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a fine line between banjo-twanging infectious anthems, such as “Oh Alberta” from their sophomore release Tin Type, a healthy mix of covers from the likes of CCR, and new pieces, including “The Fall,” from their yet-to-be-released album Ghost Gardens. The new material embraces a haunting, reverb-laden sound with a crawling cadence reminiscent of some of Pearl Jam frontman Eddie Vedder's solo material—a logical progression for a band that has seen its’ sound refined and tempered with each album.

this past June and working on their new record. Let’s raise our glasses to a band that’s worked hard and managed to have fun doing what they love while inviting us to share in the process.

True to their material, the trio navigated a range of local flora and fauna throughout the night with little trouble. I’m talking about the shot-givers (which were graciously accepted), the cat-callers (who were kicked out), the over-requesters, and the sapling-givers (yes, this happened), but it’s all part of the experience. The tar-coated, electric vocals of Sasso on tracks like “Fingers and Tongues” channelled this energy into positive places— mainly the stomping feet and flailing arms of concertgoers. Brood has been putting in the time touring heavily over the past few years following 2014’s Work and Love, along with recording a live album in Toronto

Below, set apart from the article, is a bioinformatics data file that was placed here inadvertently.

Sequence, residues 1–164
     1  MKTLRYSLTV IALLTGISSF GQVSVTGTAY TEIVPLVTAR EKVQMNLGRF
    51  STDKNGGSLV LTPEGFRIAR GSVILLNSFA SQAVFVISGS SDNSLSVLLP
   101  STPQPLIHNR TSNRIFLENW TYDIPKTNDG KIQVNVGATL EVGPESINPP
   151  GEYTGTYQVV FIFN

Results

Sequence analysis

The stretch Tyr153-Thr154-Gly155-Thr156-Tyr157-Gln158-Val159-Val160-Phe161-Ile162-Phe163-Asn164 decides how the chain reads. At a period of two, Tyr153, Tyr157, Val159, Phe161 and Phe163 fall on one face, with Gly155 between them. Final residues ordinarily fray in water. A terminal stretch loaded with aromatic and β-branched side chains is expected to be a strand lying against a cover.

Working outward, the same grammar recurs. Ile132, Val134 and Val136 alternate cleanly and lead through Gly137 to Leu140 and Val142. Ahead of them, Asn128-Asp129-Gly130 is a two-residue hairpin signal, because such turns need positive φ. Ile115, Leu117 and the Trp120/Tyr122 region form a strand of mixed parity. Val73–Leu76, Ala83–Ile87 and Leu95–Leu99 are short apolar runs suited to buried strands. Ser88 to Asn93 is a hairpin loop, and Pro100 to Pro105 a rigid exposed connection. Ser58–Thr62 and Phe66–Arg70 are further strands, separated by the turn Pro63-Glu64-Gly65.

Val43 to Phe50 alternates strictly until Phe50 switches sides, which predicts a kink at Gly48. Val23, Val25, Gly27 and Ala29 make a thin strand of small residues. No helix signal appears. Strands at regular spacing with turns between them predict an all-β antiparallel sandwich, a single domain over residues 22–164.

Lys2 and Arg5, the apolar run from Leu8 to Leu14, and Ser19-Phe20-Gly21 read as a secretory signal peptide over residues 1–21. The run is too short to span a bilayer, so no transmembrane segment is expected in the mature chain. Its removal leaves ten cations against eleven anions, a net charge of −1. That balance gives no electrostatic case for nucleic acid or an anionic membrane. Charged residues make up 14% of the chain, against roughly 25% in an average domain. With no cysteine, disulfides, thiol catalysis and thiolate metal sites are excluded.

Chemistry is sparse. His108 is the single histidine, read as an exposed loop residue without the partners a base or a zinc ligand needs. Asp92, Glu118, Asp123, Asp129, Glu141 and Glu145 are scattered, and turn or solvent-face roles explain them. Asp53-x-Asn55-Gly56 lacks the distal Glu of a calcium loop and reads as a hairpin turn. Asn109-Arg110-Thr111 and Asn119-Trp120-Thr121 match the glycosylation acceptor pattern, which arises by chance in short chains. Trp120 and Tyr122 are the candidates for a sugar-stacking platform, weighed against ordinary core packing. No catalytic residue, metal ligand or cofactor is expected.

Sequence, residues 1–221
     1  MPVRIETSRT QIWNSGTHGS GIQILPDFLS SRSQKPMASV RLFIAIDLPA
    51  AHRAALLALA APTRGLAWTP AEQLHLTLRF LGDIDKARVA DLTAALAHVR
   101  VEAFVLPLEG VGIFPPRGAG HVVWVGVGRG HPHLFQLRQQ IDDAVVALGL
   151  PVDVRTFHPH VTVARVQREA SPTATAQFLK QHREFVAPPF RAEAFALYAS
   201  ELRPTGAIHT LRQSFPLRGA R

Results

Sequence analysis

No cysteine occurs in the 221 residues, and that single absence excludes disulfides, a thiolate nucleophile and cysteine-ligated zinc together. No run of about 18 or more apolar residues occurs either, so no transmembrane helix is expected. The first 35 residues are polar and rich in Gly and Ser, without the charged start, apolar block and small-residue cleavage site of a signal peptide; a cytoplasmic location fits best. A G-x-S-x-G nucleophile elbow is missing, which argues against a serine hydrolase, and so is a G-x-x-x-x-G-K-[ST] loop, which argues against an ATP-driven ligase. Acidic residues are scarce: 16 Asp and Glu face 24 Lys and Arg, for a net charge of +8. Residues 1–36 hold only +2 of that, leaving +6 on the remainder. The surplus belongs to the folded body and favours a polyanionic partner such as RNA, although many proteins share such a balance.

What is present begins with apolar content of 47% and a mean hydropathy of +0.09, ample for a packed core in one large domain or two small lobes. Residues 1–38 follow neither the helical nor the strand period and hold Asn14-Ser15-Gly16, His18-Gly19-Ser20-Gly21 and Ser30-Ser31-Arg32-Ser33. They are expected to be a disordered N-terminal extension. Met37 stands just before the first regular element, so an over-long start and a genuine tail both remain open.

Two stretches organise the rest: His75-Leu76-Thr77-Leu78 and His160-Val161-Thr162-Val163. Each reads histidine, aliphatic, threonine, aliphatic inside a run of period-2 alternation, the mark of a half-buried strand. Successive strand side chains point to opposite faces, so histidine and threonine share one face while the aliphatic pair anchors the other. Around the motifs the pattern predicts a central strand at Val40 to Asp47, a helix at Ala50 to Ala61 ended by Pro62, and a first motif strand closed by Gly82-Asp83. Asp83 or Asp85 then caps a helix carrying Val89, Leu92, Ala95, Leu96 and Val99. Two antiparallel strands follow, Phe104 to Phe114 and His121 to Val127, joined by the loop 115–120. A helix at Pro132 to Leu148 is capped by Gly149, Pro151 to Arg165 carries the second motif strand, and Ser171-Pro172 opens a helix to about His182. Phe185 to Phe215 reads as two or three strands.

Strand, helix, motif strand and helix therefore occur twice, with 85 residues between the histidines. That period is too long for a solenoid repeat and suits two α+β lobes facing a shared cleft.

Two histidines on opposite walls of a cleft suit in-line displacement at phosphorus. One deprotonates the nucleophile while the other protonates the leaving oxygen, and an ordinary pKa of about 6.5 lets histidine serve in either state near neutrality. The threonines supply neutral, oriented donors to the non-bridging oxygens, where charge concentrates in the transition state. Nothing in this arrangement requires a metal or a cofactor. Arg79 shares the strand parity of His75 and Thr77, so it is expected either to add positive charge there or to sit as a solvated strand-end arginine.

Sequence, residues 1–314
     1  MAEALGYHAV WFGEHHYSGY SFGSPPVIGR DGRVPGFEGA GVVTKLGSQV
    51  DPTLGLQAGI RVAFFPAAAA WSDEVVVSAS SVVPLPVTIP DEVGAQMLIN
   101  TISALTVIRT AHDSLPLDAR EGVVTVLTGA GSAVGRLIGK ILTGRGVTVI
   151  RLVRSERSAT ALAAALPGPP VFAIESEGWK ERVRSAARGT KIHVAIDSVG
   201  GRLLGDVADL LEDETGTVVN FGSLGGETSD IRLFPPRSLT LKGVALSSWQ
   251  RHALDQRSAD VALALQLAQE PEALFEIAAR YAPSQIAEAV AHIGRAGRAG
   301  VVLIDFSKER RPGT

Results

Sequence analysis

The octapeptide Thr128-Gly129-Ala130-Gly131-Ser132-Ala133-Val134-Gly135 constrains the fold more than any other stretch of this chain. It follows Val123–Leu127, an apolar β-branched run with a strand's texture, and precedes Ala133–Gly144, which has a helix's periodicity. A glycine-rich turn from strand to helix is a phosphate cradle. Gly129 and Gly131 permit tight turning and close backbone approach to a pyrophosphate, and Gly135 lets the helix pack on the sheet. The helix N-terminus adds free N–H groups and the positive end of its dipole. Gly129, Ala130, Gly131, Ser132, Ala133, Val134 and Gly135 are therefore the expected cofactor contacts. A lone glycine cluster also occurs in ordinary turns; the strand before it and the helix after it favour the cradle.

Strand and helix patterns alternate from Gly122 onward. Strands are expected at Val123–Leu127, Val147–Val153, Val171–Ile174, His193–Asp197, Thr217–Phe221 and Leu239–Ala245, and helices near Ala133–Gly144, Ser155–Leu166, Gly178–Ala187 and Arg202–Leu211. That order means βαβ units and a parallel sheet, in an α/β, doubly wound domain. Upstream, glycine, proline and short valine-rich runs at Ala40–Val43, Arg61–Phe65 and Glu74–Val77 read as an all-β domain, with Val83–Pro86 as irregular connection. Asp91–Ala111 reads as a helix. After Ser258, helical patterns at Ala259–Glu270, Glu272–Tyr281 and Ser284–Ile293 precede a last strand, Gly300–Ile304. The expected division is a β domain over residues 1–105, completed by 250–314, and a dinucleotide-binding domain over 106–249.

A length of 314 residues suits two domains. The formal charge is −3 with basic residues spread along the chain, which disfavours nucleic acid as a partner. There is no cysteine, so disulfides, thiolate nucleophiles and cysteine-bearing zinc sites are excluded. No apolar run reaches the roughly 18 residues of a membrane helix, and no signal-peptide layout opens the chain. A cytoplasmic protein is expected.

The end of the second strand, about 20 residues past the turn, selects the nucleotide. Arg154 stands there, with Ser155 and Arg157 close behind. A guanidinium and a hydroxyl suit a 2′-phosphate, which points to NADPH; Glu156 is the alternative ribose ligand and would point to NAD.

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Off theWall







Parts of Me

Arley Hughes

When reviewing Arley Hughes’ Parts of Me, my first instinct is to give you the impression that Hughes’ sound is a perfect blend of smokey Norah Jones jazz and Ella Fitzgerald’s blues at its rawest. But I’d be remiss to be that reductive. Hughes’ debut demonstrates she’s got the chops to be in a league of

her own. The Thunder Bay-born singer-songwriter weaves a gorgeous album with gossamer vocals like silk amidst woodsy, organic acoustic melodies accompanied by occasional bits of bluesy harmonica or dreamy piano. Parts of Me is an apt title; it’s an earnest offering in both sound and lyric. Hughes’

- Kirsti Salmi


For his 38th studio album and first three-disc vinyl set Dylan, the shapeshifting trickster, expands his emotional range into romantic ballads from the American Songbook and closes the circle on his oeuvre, his completed works. This is not any old karaoke record. It’s Bob Dylan: Nobel Laureate, Pulitzer Prize winner, Princeton Doctorate holder. Bob Dylan, who has devoted his life to playing for his fans and will continue to play as long as the audience outnumbers the band. He really means it, man. These hopeful dirges benefit from the deep resources of Columbia Records, who have sold 125 million of his albums worldwide. A pedal steel guitar splays a gorgeous Hawaiian sunset onto a black velvet soundscape of soft legato phrases of film-noir chords on this album. Recorded live off the floor with his ace band and a sombre horn section, great songs like “Stormy Weather,” “As Time Goes By,” and “Stardust” are sung with his husk of a voice imbuing each clear syllable with warm-hearted tenderness or aching longing and with a twinkle still in his eye.